While it looks like it would be a lot of fiddly sewing, they were actually fairly easy. Each face is 7 x 7 cm. I cut four long strips of 9cm wide fabric in the gingham and the turquoise. These I sewed together at the long edges in alternating colours. As you can tell from some basic maths I did the stitching with a 1 cm seam allowance, mostly because the squares on the gingham were 1cm along the side and following the lines made the sewing easier and quicker.
So far so easy, now I had a long strip of fabric that I could take a 9 cm wide slice off of for each block. The next bit was slightly longer winded.
I had 18 white cotton squares that needed painting. I used Dylon iron-to-fix fabric paint, pinned the squares over black on white drawings of the letters, and traced the letters with paint. (On the back of each block is a number between 1 and 9).
Constructing the individual blocks was slightly fiddly, but easy to achieve on the sewing machine. On each block I left one side open, in order to turn the block through and stuff it. This side I sealed up with handstitching.

The blocks were well received, and I now have the task of filling in the rest of Alexander’s name in time for his birthday.


You know what they say about people from Yorkshire – they don’t like to part with their money. The thing I love to hate when it comes to weddings is the cost. It’s the happiest day of your life and everyone is out to make you pay through the nose for it. So a big saving that we could make is on garments. I have a sewing machine and I know how to use it. The DIY approach also means that you get closer to the thing that you want than if you try to find it pre-made. And the participants get to keep the waistcoats afterwards.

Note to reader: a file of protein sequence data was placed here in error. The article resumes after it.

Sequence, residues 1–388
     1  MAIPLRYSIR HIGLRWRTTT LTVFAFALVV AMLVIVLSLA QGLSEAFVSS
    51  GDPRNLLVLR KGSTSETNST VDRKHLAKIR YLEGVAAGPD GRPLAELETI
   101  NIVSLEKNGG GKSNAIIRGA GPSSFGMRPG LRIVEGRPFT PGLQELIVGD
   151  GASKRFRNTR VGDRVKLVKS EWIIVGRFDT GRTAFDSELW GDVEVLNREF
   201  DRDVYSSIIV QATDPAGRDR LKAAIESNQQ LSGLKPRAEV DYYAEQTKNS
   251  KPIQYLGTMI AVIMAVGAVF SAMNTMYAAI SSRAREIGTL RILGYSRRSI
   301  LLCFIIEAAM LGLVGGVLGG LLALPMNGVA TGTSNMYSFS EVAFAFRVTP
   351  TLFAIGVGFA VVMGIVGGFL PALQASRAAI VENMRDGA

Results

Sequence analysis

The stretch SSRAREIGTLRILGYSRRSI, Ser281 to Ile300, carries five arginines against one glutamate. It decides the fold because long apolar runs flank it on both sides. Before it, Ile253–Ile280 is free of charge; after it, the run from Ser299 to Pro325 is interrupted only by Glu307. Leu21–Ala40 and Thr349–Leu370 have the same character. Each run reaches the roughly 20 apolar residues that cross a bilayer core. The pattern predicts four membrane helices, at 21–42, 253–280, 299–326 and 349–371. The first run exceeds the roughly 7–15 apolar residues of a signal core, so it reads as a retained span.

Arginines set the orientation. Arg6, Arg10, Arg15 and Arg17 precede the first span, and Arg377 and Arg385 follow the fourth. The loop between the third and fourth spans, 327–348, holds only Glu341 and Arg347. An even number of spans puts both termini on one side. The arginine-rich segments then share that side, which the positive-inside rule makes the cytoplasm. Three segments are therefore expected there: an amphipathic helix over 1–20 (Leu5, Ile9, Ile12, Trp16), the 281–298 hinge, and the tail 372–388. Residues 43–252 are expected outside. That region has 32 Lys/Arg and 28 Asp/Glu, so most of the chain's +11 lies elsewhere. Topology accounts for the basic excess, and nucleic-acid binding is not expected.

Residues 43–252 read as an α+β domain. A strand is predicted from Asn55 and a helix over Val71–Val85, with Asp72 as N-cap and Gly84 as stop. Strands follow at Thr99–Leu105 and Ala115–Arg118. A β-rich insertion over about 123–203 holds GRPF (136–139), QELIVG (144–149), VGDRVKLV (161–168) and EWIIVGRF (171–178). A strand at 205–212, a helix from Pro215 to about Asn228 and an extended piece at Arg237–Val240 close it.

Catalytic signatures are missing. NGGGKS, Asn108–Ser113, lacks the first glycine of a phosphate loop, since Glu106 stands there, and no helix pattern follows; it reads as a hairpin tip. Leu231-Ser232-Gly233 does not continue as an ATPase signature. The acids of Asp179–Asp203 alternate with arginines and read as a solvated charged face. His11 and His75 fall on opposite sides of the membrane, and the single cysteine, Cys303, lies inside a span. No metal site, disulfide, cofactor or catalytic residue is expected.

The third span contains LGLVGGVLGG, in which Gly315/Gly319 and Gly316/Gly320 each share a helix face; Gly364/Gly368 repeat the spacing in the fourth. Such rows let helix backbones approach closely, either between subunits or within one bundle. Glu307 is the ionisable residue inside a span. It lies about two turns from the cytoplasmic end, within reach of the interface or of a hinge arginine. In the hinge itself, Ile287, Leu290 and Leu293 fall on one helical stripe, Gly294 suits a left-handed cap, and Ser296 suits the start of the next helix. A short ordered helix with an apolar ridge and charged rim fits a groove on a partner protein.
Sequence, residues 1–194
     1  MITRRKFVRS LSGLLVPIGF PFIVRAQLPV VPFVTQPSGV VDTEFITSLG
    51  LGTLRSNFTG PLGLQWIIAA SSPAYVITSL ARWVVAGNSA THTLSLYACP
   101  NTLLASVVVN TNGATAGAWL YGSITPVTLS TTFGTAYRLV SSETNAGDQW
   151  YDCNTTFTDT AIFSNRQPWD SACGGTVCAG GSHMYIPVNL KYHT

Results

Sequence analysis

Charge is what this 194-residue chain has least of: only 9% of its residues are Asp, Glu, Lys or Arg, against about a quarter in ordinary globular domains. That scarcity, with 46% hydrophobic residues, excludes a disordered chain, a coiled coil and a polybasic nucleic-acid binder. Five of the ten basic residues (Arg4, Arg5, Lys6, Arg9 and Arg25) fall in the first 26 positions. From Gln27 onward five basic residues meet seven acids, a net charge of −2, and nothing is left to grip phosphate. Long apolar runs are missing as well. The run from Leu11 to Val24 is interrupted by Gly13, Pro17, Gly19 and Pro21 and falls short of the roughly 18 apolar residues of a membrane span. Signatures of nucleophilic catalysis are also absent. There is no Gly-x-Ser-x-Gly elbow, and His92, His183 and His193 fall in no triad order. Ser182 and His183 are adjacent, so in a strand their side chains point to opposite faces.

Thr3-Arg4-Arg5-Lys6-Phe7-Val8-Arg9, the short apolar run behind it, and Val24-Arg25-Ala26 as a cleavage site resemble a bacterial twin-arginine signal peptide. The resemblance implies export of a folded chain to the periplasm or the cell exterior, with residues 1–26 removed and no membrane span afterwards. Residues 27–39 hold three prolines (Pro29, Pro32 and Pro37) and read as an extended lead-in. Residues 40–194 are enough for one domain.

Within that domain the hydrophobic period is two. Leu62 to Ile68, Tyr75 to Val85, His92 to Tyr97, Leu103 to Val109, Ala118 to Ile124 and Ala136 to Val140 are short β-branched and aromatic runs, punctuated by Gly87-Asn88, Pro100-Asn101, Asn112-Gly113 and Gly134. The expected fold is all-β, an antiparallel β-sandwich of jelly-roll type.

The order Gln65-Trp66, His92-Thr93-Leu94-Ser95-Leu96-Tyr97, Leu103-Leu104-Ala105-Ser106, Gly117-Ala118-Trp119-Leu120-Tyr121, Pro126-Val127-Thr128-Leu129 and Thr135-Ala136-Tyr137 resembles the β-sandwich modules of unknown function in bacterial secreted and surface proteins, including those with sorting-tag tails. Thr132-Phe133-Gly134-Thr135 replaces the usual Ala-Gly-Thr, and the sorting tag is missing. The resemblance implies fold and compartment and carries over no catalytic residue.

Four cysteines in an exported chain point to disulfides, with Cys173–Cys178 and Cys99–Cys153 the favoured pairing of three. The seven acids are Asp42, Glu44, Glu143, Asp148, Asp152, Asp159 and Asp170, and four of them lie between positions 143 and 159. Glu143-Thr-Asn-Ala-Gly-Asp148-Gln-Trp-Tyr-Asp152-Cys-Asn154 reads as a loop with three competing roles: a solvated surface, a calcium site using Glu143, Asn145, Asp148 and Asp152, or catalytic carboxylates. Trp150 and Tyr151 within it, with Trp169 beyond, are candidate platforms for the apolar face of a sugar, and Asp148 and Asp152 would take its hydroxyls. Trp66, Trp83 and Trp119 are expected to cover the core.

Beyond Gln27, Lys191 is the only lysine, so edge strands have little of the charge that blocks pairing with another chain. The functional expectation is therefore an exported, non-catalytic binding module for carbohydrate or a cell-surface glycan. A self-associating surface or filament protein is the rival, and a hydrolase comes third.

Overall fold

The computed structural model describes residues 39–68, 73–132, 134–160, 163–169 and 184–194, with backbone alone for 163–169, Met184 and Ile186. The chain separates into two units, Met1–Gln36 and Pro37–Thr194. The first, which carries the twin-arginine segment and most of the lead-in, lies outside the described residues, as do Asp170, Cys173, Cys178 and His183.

If I made waistcoats and cravats for the key gentlemen (groom, best man, and father-of-the-bride) and asked them to wear their own suits we could save a packet.

I found a simple waistcoat pattern online: McCalls 4321. Dan and I chose the fabric. Apply the one to the other and you get…

They’ve all turned out really well. I’m pretty happy with the three I’ve made so far. And the best part is that I have enough fabric left to make a fourth waistcoat for our newly promoted usher/musicmonger.


Dan recently bought himself a new gadget: an Acer Aspire. As usual I set about making a cover for it. As his first act was to remove the Windows 7 installation that it came with and install the latest Ubuntu netbook image I thought that a design based around the Ubuntu logo would be most appreciated.

Once I had decided to use the Ubuntu logo the inspiration to use one of the outer circles as a fastening was almost instant. A quick trip to C&H for the necessary fabrics and a big orange button and I was ready to go. The cover is a simple lined envelope, with craft vilene, to give structure, and wadding, to cushion the laptop.

On a roll, I used the same method, and some fabrics I had left over from previous projects, to make a similar case for my own laptop.